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A few Poems w/Afternoon Visitor

Cover Art for the issue — by Margaret Yapp

Hey, these new poems of mine are being projected through circuits of energy and light Afternoon Visitor 6 is out – w/thx to Maggie Nipps and TR Brady for their vision and work on the issue.

How to feel, in part, about what we wrote (& write) largely remote from social life during the pandemic? Fugue 87 is a poem in love w/Samuel Delany’s memoir, Motion of Light on Water. Don’t know if I’ve read anything else as attuned to the movement between day to day life (relationships, housing, money) and the lyric and erotic. Don’t know about you, but when I wasn’t flattened by the cognitive load of trying to understand & act in relation to it all (& work, always work (2 jobs)), there were months where I lived and died by what I was reading. And Motion of Light on Water was a way to live between the cracks and protests.

W/poems like 113, I’ve been trying to write my life in Buffalo in a way that appears unforced, in a creak-like line, to get at something like the rhythms of days and weeks of life and thought and relationships moving at a distance. And then there’s J on his porch, fixing his bike chain. They’re what I cld write in what feels like 3 years of endless transition.

Happy first encounter w/the works of co-contributors (my reading is in weird cul-de-sacs). Moments of interest reading thru / (read the whole thing, I mean):

Jed Munson’s “A Personal Statement to My Understanding”

“The empire backs me while it hunts her. This is me surviving as her shield.”

“N. straight from my insecurity, who was bigger than us by a lot and could’ve easily shut it down, clobbered me in a single recognition of his threat to me, but didn’t from his goodness, from his gentleness, the best thing about living.”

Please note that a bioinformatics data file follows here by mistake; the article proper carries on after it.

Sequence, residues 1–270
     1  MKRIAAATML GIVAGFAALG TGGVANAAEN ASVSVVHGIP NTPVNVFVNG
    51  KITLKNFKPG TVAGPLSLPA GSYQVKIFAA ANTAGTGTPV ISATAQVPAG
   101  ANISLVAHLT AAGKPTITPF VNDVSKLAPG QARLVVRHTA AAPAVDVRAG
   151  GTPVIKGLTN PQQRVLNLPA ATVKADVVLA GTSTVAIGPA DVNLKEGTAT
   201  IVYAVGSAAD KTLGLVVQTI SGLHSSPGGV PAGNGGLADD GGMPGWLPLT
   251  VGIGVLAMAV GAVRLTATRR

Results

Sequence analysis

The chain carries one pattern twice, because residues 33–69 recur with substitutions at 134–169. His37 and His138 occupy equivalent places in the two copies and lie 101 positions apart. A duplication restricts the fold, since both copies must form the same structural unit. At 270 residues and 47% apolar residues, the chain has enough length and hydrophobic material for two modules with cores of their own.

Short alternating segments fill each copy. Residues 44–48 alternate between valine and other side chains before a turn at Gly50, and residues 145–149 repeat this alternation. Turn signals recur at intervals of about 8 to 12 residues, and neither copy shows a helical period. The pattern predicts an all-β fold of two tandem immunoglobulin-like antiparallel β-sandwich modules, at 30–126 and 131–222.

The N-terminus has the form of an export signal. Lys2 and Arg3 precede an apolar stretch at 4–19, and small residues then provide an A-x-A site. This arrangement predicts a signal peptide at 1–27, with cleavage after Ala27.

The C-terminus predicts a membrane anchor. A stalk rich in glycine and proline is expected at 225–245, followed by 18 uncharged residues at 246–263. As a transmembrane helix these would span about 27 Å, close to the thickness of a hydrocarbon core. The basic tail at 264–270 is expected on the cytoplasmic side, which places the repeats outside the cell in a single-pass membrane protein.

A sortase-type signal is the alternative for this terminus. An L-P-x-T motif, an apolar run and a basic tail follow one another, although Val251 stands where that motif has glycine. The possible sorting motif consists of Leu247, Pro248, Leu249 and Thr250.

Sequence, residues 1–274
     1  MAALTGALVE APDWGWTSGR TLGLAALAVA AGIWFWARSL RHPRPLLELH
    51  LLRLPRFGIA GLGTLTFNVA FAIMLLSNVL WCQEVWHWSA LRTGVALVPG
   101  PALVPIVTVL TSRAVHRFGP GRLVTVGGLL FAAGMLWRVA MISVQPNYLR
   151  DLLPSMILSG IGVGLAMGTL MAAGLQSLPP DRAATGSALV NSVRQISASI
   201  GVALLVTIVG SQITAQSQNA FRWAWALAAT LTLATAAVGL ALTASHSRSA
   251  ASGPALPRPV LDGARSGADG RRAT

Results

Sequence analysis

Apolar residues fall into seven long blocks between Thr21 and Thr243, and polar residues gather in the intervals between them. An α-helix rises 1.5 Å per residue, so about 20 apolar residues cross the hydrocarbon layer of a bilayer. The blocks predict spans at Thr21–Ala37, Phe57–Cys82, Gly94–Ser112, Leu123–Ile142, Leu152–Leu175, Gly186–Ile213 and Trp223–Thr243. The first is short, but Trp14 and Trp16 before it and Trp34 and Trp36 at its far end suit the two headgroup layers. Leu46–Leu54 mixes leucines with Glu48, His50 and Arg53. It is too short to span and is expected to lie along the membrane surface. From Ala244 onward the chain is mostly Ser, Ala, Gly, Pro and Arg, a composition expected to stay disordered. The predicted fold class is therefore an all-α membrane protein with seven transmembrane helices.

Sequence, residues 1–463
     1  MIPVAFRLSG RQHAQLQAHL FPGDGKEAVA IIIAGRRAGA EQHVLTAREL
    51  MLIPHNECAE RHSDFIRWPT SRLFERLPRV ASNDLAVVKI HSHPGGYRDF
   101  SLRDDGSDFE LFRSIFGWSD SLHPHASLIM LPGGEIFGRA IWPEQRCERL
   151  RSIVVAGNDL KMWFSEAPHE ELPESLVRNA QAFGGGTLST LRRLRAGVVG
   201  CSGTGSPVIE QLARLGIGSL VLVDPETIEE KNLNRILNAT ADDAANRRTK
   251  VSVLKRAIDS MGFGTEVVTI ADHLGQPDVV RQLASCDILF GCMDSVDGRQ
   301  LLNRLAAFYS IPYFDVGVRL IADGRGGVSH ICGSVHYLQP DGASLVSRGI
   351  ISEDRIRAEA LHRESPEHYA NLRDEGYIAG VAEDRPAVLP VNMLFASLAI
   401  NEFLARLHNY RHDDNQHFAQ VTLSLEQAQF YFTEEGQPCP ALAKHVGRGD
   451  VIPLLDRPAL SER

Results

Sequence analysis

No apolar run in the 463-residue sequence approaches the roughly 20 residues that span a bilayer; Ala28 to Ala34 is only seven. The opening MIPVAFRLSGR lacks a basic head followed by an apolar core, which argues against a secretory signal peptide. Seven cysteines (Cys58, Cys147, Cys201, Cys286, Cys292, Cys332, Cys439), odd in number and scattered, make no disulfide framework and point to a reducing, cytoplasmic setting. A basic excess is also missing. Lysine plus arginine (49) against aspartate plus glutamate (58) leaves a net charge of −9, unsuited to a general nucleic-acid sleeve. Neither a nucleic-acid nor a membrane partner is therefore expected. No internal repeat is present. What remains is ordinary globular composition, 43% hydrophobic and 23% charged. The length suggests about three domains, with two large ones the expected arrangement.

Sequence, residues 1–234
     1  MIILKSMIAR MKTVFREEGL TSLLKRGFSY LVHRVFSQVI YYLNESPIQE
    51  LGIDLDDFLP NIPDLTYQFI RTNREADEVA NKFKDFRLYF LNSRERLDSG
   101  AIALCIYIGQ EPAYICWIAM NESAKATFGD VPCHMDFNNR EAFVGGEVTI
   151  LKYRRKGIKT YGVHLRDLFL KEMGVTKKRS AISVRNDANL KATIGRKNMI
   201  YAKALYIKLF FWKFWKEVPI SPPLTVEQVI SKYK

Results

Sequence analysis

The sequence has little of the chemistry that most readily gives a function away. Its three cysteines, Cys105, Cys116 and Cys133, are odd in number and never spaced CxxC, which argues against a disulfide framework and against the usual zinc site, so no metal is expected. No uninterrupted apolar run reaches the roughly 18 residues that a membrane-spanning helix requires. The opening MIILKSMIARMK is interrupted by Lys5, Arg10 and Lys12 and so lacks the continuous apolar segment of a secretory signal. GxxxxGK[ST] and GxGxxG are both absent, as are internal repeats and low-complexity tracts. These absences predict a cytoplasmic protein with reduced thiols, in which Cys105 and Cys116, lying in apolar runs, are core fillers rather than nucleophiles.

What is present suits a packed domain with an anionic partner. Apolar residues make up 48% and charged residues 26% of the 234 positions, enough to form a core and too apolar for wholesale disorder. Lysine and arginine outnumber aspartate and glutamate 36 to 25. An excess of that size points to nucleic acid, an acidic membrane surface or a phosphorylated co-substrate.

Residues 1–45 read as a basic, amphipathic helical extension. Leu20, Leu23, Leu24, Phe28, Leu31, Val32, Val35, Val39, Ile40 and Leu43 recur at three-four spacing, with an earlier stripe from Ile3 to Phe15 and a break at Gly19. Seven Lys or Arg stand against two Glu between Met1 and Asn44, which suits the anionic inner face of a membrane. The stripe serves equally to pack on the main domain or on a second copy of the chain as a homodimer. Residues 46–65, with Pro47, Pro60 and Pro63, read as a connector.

Trevor Ketner, “[If thy soul cheque thee that I come so near,]”

“swallowed (awful, tinny film)—i lilt hilly, / peg raw with vers perfection—i hinge to tease–/neon omen: an ermine sang buckodor”

Evan Goldstein, “Trash Mountain”: “Standing on / the landfill in the view of what created it: / our three states spread beneath us. The insurance / building skyline, limping hills, and in the pastures / limpid fog lakes gather ambient light like”

Hanna Shea, “unusual clouds”: “my social life begins in the throat / a theater extending into the atmosphere / flickering or elastic, complex / and unable to reach you / something in the water is tender”

Robert Balun, from “from Mineral” : “where the tending will make the commoning // a truly we where we might carry / ourselves to the place where only we can save us // a counter absorption”

Paloma Yannakakis, from “from Your every image (un)tethered” : “I rally towards the day’s banks / calloused and quartered, re-mark, enjoin it / at the edge of seeing. The stream moves on,”

Zack Peckham, from “Fountains in Winter”: “I keep saying / anaphora // what I mean is / anathema”

Filed under: Poems Online

About the Author

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Joe Hall is the author of five books of poetry, including Someone's Utopia (2018) and Fugue & Strike (forthcoming). His poems, reviews, and scholarship have appeared in Poetry Daily, The Academy of American Poets Poem-A-Day, Postcolonial Studies, Peach Mag,, PEN America Blog, Poetry Northwest, Ethel Zine, Gulf Coast, Best Buds! Collective, and Eighteenth-Century Fiction. He has taught poetry workshops for teachers, teens, and workers through Just Buffalo and the WNYCOSH Worker Center.

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